Anger and Coaching

4 min read

At some point in every training, I ask the question, “When is anger appropriate in the work place?” In every training so far, the response has been, “Never.”  Good to hear; yet, despite this understanding, anger continues to be at least a tolerated behavior in the culture of most organizations. Let’s take a closer look.

Anger in the work place is inevitable. Put human beings together in any environment for a long enough period of time and anger will eventually occur. The feeling of anger however is not the problem; rather, it is it’s specific behavioral expression like hostility, attack, yelling, violence, etc. that does the damage.

Like any emotion, anger is an energy that lets us know we are being affected by an experience. In the case of anger, it lets us know when we can’t or aren’t getting what we want or need. This is an important message that should not be ignored. As a matter of fact, when we ignore anger we can lose track of it and it can surprise us by jumping out as reactivity when we least expect it; sometimes at someone who may not even be the source of our upset. This is called misplaced anger – the “kick the dog” syndrome.

Anger is a hot energy that pushes us to act quickly and forcefully to overcome the thing or person who has gotten in our way. Somehow our survival mechanism of fight has gotten triggered and the adrenalin shoots through the body readying us for confrontation and battle: the heart beats harder and faster, blood pressure shoots up, respiration increases, muscles tense, temperature goes up and we are seconds away from blast off. The feeling of anger, in and of itself, is not of course, a justification to act on it.  The body, the mind, and our actions are still our responsibility to manage according to our values.

So when anger hits we need to slow down and decompress; let the lid off to safely vent the pressure. These simple strategies have stood the test of time so much so that they are cliché: count to 10, take some deep breaths, talk to an appropriate, trusted friend, get outside and walk for a bit, etc. However you do it, slow down so you can get the intellect, rather than all this emotional energy, back in charge of deciding how you will respond. Check your resting pulse. Researchers tell us that we need 20 minutes minimum to get our heart rate down to 90 beats per minute – the sign the intellect is predominant over emotion – after our anger has been triggered. We do this not only to spare our co-workers from our misbehavior but also to increase our odds of succeeding with them.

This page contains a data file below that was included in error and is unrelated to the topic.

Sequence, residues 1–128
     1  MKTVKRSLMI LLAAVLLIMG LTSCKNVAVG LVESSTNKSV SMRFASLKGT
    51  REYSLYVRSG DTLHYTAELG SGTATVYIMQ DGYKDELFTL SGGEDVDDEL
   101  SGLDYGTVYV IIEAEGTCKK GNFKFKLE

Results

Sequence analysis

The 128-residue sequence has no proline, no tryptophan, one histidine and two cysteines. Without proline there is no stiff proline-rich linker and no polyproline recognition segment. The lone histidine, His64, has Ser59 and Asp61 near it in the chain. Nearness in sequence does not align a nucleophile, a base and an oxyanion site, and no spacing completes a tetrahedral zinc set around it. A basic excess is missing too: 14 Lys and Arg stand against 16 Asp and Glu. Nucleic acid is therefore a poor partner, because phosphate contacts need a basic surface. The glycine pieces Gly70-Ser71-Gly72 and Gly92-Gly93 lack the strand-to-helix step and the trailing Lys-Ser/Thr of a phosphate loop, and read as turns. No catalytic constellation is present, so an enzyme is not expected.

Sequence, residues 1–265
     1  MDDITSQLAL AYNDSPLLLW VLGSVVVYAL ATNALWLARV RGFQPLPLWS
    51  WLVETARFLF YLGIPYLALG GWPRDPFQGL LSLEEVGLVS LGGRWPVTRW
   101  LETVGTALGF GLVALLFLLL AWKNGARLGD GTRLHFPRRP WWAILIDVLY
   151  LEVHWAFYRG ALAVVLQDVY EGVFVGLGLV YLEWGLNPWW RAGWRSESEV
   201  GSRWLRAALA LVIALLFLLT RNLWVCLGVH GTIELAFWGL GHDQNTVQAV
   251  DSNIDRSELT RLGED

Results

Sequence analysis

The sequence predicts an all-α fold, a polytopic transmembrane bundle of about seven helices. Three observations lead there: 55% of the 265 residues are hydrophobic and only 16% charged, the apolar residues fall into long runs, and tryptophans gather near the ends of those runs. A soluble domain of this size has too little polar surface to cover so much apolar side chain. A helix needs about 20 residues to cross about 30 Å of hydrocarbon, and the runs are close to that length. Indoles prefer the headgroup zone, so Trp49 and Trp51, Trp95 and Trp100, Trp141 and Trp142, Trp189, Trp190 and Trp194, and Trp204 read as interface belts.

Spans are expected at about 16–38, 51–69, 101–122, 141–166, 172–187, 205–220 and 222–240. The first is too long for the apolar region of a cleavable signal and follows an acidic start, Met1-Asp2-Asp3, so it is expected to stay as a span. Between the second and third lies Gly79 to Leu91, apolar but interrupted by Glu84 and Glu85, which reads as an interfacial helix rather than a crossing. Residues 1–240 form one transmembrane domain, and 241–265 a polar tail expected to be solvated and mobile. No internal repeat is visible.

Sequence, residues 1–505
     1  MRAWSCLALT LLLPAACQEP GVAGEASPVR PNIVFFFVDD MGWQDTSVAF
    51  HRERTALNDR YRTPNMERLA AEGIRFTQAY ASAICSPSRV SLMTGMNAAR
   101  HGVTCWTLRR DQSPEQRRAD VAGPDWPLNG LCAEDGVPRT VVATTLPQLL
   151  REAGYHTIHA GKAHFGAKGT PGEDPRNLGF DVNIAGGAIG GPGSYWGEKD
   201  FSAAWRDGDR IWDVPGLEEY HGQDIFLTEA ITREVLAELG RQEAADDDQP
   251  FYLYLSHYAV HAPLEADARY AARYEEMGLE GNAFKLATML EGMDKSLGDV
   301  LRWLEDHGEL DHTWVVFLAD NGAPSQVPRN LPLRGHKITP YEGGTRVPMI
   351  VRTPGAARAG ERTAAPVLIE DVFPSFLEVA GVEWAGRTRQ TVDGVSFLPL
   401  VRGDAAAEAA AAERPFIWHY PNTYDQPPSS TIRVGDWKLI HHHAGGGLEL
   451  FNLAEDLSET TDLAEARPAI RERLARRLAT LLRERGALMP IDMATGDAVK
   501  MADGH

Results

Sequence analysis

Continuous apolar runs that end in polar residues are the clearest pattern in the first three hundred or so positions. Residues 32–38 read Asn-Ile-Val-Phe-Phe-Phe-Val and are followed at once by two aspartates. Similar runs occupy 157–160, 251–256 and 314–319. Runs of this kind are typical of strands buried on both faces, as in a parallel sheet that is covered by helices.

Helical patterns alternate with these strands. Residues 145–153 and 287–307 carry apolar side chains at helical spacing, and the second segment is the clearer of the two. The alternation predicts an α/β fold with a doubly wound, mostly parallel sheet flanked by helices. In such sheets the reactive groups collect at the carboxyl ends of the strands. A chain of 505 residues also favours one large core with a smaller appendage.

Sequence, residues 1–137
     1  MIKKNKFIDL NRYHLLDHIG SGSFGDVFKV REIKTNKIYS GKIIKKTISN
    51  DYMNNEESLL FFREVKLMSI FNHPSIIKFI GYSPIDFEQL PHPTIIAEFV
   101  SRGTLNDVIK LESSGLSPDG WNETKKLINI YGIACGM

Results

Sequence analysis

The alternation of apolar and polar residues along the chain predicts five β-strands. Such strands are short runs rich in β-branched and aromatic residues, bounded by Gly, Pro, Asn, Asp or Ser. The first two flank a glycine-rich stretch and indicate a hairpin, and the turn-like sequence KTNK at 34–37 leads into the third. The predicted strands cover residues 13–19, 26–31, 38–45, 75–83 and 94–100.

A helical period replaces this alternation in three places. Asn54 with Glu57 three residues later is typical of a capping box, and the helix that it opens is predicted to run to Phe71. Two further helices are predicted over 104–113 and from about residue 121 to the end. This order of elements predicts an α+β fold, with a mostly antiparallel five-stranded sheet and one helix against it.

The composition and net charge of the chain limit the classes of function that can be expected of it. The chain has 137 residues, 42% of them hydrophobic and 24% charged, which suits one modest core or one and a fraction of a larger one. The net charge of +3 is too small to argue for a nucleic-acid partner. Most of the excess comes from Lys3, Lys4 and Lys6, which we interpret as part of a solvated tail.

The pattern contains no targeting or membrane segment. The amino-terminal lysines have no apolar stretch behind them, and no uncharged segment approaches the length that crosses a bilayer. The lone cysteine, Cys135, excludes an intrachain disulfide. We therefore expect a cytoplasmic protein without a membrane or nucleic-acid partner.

Let’s recall our definition of Emotional Intelligence, “The ability to be aware of one’s inner experience, the other’s, and then to behave intentionally to create a desired outcome.” If our emotion is dominating our intellect, our inner experience is not a reliable partner in creating a desired outcome. So we wait. We slow down and close the door on the option of reactivity. We give up the lesser good of going off on someone (let’s admit it, it does feel good – at least until you get conscious of what you’ve just done) for the greater good of preserving the relationship and getting or at least attracting more of what we want. Giving up reactive anger and giving up our position or needs are two entirely different things.

Exercise: Identify an experience where you may become reactive with anger. Think of the desired outcome you really want to achieve with this person. What needs to change on their part, within the organization, or yours to resolve this issue – hopefully, once and for all? Now identify how you can best present this need to them (remembering that non-verbal communication conveys vastly more meaning than our actual words do) in a way that will attract not only their understanding but also their cooperation. At this point, anger will show itself as glaringly ineffective in attracting that outcome and cooperation. So good you waited and designed your communication!

Choosing to take the high road of a planned, rather than a reactive response takes thoughtfulness, time, and self-discipline. It is a victory expressive of an expanding Emotional Intelligence Quotient and leadership capacity. Leadership is the tough gift that helps us become better human beings – who we are and how we lead are inseparable.


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